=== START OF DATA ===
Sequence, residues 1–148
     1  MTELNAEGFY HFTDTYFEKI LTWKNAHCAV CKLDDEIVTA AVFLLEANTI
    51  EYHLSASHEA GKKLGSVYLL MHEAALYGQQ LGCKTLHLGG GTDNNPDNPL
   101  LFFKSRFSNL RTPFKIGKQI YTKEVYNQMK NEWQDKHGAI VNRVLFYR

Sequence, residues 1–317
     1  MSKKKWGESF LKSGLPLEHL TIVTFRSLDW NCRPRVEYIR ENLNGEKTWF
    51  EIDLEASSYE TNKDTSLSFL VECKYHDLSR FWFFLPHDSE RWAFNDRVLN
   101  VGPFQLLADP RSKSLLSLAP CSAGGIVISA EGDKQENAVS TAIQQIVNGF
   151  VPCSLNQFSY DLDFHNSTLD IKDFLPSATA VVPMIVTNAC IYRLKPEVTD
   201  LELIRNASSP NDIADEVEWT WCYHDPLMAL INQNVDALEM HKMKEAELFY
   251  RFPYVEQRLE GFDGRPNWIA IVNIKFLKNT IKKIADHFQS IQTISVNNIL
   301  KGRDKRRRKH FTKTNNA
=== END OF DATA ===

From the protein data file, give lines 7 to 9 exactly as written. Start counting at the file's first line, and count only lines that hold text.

    51  EIDLEASSYE TNKDTSLSFL VECKYHDLSR FWFFLPHDSE RWAFNDRVLN
   101  VGPFQLLADP RSKSLLSLAP CSAGGIVISA EGDKQENAVS TAIQQIVNGF
   151  VPCSLNQFSY DLDFHNSTLD IKDFLPSATA VVPMIVTNAC IYRLKPEVTD